Where a complainant appeals to the EEOC, the Office of Federal Operations ("OFO") reviews the record, may request the parties to supplement the record, and then issues a decision. 29 CFR § 1614.404. The OFO's decision amounts to a final disposition that triggers the right to file a civil action. Id. §§ 1614.404, 1614.407.

A complainant who files a civil action may pursue one of two different avenues. Carver v. Holder, 606 F.3d 690, 695 (9th Cir. 2010). First, the complainant can file an enforcement action against the agency. Id. at 696 (citing Ellis v. England, 432 F.3d 1321, 1324 (11th Cir. 2005)). In an enforcement action, the complainant may only seek to ensure that the federal agency has complied with the OFO's remedial order, and may not challenge the OFO's decision or what it found to be the appropriate remedy. Id. at 696 (citing Laber v. Harvey, 438 F.3d 404, 417 (4th Cir. 2006) (en banc)).

Second, the employee may forego seeking to enforce the remedial order, and instead may file a discrimination action against the agency. Carver, 606 at 696 (citing 29 U.S.C. § 633a(c)). Such a civil action, however, is de novo, meaning that the issue of liability (i.e., whether the agency discriminated against the employee) and the remedies ordered must be relitigated. Id. at 696, 697. The AJ's findings are not binding in the discrimination action.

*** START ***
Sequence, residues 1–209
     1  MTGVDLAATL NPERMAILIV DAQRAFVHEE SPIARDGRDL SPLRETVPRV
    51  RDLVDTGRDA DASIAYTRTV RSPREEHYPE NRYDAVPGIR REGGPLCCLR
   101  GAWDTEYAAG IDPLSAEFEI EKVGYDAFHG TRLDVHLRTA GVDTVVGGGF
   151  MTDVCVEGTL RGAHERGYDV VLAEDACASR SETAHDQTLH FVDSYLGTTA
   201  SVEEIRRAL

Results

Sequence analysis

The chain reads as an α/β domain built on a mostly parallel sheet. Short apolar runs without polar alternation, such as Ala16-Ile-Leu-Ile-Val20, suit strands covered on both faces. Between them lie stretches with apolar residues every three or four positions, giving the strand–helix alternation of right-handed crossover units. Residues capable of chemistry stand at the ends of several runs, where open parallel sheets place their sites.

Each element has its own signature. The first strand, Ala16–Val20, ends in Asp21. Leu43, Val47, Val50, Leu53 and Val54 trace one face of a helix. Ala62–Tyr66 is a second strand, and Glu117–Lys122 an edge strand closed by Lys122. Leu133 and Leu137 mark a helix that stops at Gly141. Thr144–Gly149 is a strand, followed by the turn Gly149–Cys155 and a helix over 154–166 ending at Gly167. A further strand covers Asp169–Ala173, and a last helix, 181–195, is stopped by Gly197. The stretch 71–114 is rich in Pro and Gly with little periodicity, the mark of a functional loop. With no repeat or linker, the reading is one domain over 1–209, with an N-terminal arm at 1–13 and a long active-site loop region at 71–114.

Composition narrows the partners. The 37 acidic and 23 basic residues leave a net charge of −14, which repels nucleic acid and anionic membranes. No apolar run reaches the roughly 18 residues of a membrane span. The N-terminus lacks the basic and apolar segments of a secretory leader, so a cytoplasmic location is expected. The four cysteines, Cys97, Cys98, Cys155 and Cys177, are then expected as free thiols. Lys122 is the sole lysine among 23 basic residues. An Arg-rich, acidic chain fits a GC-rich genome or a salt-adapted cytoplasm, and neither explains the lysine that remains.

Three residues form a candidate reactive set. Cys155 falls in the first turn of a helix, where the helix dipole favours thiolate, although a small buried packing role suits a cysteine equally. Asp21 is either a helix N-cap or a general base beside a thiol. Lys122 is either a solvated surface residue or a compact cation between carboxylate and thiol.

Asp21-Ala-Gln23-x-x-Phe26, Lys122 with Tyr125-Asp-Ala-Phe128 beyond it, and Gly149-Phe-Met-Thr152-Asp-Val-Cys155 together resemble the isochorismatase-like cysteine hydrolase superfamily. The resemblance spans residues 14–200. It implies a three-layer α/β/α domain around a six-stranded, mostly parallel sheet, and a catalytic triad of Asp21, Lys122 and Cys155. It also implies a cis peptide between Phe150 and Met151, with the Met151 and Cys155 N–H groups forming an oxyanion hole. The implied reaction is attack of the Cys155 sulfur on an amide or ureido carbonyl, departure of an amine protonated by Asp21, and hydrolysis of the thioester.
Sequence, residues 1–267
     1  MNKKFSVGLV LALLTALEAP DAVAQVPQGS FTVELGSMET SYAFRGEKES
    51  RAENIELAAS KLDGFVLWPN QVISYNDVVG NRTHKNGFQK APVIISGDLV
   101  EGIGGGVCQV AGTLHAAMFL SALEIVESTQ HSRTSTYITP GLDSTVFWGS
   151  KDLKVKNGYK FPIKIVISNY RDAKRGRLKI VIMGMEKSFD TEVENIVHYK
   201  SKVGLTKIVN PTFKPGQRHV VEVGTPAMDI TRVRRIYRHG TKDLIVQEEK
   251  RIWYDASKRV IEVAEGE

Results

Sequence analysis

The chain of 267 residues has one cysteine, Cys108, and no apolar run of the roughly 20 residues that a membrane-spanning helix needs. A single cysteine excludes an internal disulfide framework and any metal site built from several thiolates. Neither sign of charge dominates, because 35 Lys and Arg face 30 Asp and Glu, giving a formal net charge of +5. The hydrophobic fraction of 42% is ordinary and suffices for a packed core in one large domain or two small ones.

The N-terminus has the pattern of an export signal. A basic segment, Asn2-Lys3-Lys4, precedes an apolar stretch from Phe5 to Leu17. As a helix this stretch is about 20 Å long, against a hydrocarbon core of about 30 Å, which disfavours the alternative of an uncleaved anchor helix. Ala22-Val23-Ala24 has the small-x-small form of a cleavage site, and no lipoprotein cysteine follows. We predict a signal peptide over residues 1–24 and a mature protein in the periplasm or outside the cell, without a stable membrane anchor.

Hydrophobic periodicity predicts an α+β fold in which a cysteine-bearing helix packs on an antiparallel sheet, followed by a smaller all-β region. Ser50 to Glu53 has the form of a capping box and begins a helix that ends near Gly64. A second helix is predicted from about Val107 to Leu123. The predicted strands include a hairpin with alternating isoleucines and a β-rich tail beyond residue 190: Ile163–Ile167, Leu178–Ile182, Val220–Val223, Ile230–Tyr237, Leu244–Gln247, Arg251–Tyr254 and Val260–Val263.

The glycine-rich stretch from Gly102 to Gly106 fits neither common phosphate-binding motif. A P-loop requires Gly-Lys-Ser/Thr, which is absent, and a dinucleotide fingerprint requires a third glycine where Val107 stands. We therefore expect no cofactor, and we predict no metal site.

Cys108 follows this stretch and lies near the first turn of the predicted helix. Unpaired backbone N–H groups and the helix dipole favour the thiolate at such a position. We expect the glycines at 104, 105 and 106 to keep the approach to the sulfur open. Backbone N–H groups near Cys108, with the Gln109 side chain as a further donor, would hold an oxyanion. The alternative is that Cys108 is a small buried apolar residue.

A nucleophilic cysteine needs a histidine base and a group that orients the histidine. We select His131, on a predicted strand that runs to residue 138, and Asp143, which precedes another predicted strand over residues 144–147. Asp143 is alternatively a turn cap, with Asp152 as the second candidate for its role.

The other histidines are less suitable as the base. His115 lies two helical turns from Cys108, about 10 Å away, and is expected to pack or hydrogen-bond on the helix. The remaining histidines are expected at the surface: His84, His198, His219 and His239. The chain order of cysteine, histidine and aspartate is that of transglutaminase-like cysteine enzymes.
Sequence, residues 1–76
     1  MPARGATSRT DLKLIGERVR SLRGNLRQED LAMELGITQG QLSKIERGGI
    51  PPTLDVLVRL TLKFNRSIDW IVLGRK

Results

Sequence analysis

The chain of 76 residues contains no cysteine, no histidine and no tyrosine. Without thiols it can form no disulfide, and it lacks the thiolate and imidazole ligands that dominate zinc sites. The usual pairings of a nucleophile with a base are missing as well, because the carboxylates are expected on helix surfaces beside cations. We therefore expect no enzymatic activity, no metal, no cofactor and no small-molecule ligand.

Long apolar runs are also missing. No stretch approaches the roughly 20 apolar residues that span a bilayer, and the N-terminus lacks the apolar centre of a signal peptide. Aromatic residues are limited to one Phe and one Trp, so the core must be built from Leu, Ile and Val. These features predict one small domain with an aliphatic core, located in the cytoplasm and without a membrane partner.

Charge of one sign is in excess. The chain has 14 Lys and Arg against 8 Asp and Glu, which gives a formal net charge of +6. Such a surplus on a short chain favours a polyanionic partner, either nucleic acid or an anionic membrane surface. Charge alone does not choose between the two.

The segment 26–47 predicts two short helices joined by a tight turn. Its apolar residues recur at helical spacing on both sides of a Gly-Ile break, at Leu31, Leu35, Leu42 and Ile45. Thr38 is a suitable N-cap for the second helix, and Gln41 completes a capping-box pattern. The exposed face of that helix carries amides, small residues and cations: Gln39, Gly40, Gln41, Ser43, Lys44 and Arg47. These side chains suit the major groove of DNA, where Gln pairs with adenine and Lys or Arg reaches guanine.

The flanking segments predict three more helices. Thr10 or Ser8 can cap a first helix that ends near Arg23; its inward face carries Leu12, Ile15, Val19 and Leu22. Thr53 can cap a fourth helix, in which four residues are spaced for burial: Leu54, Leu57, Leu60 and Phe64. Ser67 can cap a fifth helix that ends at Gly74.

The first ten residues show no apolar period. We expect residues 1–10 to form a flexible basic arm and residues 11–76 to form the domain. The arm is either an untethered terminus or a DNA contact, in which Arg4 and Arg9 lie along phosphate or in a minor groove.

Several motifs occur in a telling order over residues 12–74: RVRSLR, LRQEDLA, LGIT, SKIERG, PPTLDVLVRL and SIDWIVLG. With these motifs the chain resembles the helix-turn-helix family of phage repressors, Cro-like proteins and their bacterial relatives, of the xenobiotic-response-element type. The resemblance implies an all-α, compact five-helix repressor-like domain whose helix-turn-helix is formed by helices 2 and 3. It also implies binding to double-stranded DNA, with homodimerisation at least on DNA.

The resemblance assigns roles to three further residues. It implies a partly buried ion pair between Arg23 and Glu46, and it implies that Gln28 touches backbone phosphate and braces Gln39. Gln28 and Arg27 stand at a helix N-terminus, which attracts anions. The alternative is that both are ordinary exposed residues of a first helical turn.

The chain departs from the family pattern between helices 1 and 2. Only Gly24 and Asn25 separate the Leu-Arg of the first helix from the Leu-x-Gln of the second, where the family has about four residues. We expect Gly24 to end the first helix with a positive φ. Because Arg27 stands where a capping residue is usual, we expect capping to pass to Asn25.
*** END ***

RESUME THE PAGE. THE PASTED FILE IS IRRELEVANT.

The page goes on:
This case does not necessarily fall neatly into the procedures just discussed for two reasons. First, Thompson did not wait until the OFO issued its decision on his appeal before filing this lawsuit. Nevertheless, the OFO has since issued a decision affirming the AJ's decision and neither party addressed whether this fact has any effect on this litigation.

Second, Thompson accepted the USPS's payment of damages when he deposited the two checks. Accordingly, one might assume that Thompson filed this lawsuit seeking to enforce the remainder of the OFO's award. But the FAC does not mention enforcement. Instead, having accepted the damage award in the administrative proceedings, Thompson has now filed a de novo action for discrimination. The USPS argues that under these circumstances, this Court lacks jurisdiction over this case. The Court agrees.